On a whim today, I took a little online discovery and decided to play with it a bit.
By listening to a recent Rocketboom podcast, and then doing a Google search and finding out some additional information, I decided to get in on what's called tumblelogging.
I went to one of the main tumblelogging site providers, Tumblr (sort of like blogger,com for traditional blogging), and within minutes I had set up my free account and designed my own tumblelog. I call it "Chain-link Deja Vu," and it's located here.
What, I hear you ask, is tumblelogging? Well, being fairly ignorant of the finer points (I still have no idea how it got started, or how many people are doing it), I can only give my impressions. From what I see, tumblelogging is designed for people who spend a fair amount of time online and who want to blog, but have very little time in which to do so. Another way I look at it is, it's blogging created by (and viewed by) people who, at least at some point during each day, have ADD-like attention spans.
Now, I still will keep on with Muley's World, this being the place where I will post when I want to really say something, especially when I want feedback from readers. But having a tumblelogging site, I think, won't really compete with Muley's World, but will complement it.
A tumblelogging site, in effect, is an online depository for all those neat or curious little things we find while surfing the Internet. We want to keep that stuff handy somewhere so we can experience it again, and we often want to let other people see it as well. But, we don't necessarily want to sit down and do a big descriptive post and manipulate a lot of screens and HTML language just to do that.
The tumblelogging site has buttons to let you add things such as quotes, pictures, videos, songs, text and even the transcripts of instant message conversations. Here's how it works. You download a little button on your bookmarks bar that says "Share on Tumblr." Then, if you happen to be surfing the Web and come across a neat photo or YouTube video or article, you just hit the "Share on Tumblr" button. You see a little screen come up with the item's URL code already entered. You give it a headline (if you wish) and maybe write a short explanatory description (if you wish), press the button, and it's automatically put on your Tumblr site. When you go later to look, it will be there.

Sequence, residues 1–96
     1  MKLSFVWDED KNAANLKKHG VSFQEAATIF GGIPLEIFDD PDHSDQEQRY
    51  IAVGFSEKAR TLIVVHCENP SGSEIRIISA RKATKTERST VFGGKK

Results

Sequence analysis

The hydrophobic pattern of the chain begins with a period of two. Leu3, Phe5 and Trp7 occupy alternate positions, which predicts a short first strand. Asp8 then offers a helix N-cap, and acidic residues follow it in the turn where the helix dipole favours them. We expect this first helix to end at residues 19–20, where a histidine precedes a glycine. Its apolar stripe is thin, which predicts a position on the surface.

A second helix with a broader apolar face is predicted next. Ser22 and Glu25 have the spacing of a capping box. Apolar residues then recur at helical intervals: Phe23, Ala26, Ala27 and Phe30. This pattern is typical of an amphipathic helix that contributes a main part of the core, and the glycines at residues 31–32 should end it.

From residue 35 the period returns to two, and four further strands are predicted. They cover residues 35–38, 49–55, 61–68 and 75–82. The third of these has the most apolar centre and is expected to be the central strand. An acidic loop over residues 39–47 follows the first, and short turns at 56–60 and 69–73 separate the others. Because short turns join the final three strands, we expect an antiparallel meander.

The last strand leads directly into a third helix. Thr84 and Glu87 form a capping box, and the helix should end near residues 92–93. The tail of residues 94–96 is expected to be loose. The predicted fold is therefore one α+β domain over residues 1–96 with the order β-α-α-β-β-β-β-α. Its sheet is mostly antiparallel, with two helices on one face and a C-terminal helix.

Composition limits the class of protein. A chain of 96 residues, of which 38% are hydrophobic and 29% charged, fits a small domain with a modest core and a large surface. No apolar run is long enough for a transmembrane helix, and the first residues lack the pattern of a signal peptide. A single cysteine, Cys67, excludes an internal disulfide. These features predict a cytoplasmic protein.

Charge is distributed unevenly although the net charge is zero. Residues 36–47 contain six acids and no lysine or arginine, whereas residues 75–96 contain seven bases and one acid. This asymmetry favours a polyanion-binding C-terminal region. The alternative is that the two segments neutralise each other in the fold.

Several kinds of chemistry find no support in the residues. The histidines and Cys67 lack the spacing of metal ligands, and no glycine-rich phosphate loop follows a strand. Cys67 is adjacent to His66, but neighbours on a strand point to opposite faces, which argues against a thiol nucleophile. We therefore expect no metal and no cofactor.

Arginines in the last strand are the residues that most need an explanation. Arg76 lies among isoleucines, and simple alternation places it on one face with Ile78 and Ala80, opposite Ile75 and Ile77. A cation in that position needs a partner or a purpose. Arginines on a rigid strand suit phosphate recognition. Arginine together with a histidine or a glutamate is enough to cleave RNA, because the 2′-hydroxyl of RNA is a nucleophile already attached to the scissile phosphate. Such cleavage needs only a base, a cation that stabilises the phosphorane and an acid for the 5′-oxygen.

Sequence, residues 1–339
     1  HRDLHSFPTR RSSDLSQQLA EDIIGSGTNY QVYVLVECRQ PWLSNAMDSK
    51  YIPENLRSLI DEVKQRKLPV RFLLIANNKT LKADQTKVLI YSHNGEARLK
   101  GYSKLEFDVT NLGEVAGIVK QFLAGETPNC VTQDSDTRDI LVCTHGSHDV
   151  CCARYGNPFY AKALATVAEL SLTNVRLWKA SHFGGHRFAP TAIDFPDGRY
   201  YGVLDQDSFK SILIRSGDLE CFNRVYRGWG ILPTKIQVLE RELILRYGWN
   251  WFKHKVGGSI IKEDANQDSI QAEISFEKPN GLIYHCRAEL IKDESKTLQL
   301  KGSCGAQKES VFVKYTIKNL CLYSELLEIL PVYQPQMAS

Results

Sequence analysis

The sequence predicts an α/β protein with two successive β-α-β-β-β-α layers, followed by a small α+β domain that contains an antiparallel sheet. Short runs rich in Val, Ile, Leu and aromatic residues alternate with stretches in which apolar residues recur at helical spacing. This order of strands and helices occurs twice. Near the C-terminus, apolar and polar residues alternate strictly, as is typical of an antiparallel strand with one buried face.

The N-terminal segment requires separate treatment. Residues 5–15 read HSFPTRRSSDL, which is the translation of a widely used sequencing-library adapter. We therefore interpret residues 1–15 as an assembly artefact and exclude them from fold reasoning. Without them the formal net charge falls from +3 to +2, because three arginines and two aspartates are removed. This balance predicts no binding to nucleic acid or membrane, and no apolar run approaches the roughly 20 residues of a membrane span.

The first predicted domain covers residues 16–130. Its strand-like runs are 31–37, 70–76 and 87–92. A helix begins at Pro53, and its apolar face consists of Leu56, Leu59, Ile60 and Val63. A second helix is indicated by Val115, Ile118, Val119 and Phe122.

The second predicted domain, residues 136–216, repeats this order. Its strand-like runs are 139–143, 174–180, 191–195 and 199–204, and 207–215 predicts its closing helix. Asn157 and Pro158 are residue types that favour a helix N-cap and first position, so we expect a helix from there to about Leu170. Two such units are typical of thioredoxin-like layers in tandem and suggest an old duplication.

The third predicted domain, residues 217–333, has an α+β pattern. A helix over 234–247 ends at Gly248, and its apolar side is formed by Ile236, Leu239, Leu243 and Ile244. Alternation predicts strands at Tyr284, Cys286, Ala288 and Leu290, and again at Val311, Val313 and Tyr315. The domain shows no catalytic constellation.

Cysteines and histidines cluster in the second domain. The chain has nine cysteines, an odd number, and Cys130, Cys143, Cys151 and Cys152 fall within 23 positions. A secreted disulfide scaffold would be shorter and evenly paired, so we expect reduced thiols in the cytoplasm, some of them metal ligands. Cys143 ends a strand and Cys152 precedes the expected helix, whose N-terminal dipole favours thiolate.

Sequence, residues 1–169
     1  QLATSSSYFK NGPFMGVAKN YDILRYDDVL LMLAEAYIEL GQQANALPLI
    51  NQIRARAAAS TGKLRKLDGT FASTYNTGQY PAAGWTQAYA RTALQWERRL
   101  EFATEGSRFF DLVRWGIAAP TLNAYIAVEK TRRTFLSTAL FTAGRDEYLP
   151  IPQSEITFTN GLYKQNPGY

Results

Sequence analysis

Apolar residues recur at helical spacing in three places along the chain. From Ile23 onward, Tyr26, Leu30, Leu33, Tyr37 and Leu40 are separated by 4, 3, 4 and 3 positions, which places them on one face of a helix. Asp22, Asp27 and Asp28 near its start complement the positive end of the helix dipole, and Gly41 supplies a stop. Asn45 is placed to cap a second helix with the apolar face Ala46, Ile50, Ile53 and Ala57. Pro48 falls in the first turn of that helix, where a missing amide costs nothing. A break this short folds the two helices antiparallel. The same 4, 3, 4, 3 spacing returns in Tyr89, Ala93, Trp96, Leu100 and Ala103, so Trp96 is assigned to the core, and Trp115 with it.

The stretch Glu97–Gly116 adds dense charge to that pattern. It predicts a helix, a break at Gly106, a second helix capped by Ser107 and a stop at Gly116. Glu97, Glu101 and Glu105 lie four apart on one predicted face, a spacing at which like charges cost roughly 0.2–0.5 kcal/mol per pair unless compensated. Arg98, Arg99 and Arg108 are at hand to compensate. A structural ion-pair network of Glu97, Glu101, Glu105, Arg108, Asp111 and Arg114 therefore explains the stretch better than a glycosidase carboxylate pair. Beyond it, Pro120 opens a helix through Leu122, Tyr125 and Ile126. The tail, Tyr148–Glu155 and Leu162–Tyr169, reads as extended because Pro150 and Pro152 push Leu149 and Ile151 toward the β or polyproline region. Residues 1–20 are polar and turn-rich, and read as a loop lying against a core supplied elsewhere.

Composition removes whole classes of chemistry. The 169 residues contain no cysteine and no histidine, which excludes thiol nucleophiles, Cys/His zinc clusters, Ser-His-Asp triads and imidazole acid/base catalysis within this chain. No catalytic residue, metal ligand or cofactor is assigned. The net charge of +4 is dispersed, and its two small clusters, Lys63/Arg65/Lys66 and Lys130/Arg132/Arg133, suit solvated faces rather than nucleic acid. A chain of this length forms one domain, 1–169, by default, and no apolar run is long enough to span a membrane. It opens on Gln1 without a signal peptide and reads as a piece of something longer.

I like quotations, and in Tumblr, all you do is hit the button marked Quotes, type in the quotation text and the name of the author, then send it to your site. It will automatically format it in quotation style for you. Neat.
Tumblelogging seems designed to be very simple, maybe too simple for some tastes. You can't do things like size photos, add tags or change posting dates and times, and there are no mechanisms for you to leave or receive comments, which I think is unfortunate. However, I think there might be a method they have of seeing what other people are "following" your blog, but I haven't investigated that yet.
I'm not sure how often I will use this. It might just be another one of those online nifties that lose their appeal after the newness wears off. But I'll still have a free way to store all my favorite online discoveries in one place, to revisit at my leisure. And that's worth something.